nashville … a must see list

My mom and I visited Nashville, Tennessee for the first time a few weeks ago and from our 3 day visit we crammed so many top sites into our few days of adventure. We wanted to take full advantage of our time so we did more tours that wondering around the city, but we both claim we will be back some day for the ‘walking around and see what we stumble upon’ portion of our trip! I did a lot of top 10 searches for Nashville; where to shop, eat, go, and listen to music. The links to the things we did will be in this blog for you. 

The timeline presented below is slightly different than the one we took, this is to benefit a future traveler based on our experience to maximize your time.


We started off by going to the Nashville Visitor Center (on 5th Ave South and Broadway) to purchase our Total Access Passes, we did some research on the tours and sites we wanted to see and we found that the $60 passes would save us some money instead of buying admission separately. You can go to four places on their listing, you get 25% off the Hop On Hop Off Tour and free admission to Nashville’s Parthenon. More info here

Parking tip: downtown Nashville has pay to park lots, it might be worth a dollar or two to drive a few blocks in search for a cheaper parking lot. We paid about $10-12 dollars for full day parking.  For day 1, we parked and kept our car there the whole day.

Just a few minutes walk away from the Visitor Center is the Country Music Hall of Fame, also one of the ticket items in the Access Pass. The walk around the Museum is a medium- long one. Do it in the morning when you are rested and willing to walk the distance!

For lunch, we walked a few more blocks from the CMHF to the Rock Bottom Brewery, it was very, very tasty! I had Chicken fried chicken and I would highly recommend it with the mash potatoes!

After lunch, I would recommend going back to the Country Music Hall of Fame and getting on the Studio B Tour Bus, the bus is another ticket from the Total Access Pass and will drive to the historic Studio B where so many famous artist recorded from Elvis Presley to Dolly Parton and Willie Nelson. This tour has you back at the Museum in about an hour, it’s a small studio but you get to see a ton of awesome recording equipment. Can you find where Dolly Parton ran her car into the side of the building?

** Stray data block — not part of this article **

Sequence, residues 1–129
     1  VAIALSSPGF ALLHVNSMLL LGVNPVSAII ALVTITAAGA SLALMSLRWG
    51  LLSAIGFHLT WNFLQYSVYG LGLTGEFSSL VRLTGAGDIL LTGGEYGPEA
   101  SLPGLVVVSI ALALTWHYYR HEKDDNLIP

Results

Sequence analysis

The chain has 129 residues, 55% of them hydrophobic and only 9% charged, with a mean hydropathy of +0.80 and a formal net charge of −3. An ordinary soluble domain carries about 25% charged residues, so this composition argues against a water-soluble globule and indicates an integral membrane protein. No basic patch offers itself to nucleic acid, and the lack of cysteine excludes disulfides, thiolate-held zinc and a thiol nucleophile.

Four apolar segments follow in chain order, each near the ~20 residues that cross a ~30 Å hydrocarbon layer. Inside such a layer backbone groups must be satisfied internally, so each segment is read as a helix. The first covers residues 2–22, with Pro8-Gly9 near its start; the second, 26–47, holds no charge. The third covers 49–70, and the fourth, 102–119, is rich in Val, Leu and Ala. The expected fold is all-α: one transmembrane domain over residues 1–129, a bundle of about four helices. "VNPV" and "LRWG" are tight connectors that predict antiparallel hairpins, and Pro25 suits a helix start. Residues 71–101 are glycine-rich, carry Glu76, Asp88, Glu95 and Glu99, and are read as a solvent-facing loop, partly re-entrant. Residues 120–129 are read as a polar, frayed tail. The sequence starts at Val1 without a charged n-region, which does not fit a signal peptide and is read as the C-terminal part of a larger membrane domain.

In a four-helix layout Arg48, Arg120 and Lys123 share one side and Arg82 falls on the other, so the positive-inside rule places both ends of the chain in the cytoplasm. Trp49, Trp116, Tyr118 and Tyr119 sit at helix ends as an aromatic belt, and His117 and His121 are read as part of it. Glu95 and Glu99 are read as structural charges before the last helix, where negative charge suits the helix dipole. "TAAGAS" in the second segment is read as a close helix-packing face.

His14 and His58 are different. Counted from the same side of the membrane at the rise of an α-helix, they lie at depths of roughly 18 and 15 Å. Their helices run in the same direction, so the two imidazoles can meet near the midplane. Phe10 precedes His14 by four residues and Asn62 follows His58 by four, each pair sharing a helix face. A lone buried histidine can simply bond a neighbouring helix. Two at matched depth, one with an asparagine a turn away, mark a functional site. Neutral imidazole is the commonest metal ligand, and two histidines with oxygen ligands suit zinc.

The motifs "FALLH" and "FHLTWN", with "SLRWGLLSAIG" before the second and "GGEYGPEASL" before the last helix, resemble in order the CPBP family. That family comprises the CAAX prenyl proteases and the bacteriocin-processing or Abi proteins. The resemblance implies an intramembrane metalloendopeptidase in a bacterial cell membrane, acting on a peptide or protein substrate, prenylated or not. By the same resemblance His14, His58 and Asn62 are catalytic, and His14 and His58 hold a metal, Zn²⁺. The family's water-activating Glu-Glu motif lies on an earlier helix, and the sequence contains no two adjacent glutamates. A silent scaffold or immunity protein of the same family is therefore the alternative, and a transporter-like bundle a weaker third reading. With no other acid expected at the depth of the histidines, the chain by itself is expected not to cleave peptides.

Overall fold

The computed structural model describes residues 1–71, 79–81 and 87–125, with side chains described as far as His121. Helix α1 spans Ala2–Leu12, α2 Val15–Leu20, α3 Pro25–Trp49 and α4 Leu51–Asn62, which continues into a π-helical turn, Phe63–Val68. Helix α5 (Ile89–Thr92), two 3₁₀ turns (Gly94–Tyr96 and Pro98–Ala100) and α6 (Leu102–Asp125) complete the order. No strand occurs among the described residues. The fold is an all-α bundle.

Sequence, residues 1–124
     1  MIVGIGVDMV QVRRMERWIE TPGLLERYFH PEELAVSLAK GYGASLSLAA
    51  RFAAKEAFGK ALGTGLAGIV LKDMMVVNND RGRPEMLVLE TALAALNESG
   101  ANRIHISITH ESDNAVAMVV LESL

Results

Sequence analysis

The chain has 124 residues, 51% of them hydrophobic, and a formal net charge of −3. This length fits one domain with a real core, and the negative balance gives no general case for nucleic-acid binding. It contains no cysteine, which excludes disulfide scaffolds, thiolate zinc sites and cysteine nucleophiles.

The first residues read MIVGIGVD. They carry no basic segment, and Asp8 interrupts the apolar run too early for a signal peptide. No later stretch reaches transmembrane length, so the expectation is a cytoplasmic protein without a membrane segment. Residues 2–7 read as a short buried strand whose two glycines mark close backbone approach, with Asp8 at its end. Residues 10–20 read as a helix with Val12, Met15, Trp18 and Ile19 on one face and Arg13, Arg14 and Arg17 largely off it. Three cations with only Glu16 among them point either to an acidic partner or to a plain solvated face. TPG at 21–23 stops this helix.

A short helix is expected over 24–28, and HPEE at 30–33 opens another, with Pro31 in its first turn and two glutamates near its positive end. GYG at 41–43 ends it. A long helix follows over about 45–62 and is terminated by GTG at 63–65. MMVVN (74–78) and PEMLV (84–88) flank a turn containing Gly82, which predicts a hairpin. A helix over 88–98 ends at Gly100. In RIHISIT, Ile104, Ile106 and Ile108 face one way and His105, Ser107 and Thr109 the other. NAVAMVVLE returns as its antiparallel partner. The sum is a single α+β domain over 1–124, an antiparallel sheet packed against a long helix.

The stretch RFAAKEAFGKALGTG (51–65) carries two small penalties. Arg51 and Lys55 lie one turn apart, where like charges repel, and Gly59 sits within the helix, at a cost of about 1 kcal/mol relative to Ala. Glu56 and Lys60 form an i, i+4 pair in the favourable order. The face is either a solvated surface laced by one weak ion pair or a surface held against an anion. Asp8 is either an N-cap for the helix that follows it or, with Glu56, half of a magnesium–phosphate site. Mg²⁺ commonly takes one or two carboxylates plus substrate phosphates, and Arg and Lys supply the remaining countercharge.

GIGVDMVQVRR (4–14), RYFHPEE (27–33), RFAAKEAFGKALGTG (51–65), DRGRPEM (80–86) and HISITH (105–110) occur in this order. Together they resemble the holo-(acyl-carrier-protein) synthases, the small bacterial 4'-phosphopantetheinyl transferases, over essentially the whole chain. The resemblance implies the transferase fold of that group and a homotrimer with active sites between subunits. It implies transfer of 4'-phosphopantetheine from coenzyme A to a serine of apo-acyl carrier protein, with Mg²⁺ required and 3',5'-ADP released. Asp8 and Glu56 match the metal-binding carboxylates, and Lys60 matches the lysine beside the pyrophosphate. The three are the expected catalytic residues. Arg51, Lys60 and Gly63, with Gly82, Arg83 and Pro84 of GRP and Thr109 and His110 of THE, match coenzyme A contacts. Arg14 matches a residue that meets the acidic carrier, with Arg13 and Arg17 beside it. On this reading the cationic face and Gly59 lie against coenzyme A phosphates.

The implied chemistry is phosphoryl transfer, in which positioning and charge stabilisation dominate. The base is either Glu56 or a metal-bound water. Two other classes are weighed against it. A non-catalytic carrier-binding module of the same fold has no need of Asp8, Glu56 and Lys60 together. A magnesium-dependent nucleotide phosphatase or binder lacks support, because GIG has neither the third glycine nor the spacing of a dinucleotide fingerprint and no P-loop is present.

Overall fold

After the Studio B Tour, head back toward the Rock Bottom Brewery, on the other side of Broadway between 2nd Ave N and 3rd Ave N is Mike’s Ice Cream shop. Grab yourself a cup or a cone of that delicious ice cream, also it makes for a nice break from all the walking. After the ice cream shop, walk up Broadway to the Ryman Auditorium along the way you can stop in the shops and see what there is to see. As you walk there is music that, at times, can seem to come from nowhere. Chances are its either from the open door of a bar, a street performer or the street lights which have speakers and play hit country songs.

The Ryan Auditorium has a self-guided tour that starts with a 15-20 minute video of the history of the Ryamn. While listening to the video, you can hear the amazing sound the Auditorium is famous for. Now, just imagine that sound as a country music concert. I can understand why so many artists want to play there! Make sure you go to the second level, in the back hallway there are many printed band/ concert posters. Nashville seems to be littered with them but they are very fun to look at. This was the third Access Pass ticket we used.


My mom and I learned that the most consistent way to hop on the Hop On Hop Off tour was to use the waterfront location (also downtown), where you go in a little building (and yes, they have bathrooms). The Hop On Hop Off was great if you want to hear more about the city, it’s history and not have to worry about parking. However, the places we hopped off I could just as easily driven to. If you’re into saving money, grab their flier and drive. If you’d like to be entertained and chauffeured around, buy the ticket. We had some very funny drivers and some very informative ones too. Our first stop might easily take someone the better part of a morning, we hopped off at the American Picker’s second store, Antique Archeology. After buying a t-shirt at AA, there are various other unique shops to explore and a gallery across the street.